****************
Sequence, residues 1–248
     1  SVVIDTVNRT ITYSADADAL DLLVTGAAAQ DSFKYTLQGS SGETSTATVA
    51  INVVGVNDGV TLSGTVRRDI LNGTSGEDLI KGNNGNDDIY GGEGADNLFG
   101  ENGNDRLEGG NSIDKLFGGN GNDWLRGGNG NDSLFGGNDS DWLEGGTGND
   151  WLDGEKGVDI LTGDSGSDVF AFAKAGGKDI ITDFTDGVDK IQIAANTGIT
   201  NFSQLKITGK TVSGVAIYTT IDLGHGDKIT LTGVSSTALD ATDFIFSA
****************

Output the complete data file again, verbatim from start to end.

Sequence, residues 1–248
     1  SVVIDTVNRT ITYSADADAL DLLVTGAAAQ DSFKYTLQGS SGETSTATVA
    51  INVVGVNDGV TLSGTVRRDI LNGTSGEDLI KGNNGNDDIY GGEGADNLFG
   101  ENGNDRLEGG NSIDKLFGGN GNDWLRGGNG NDSLFGGNDS DWLEGGTGND
   151  WLDGEKGVDI LTGDSGSDVF AFAKAGGKDI ITDFTDGVDK IQIAANTGIT
   201  NFSQLKITGK TVSGVAIYTT IDLGHGDKIT LTGVSSTALD ATDFIFSA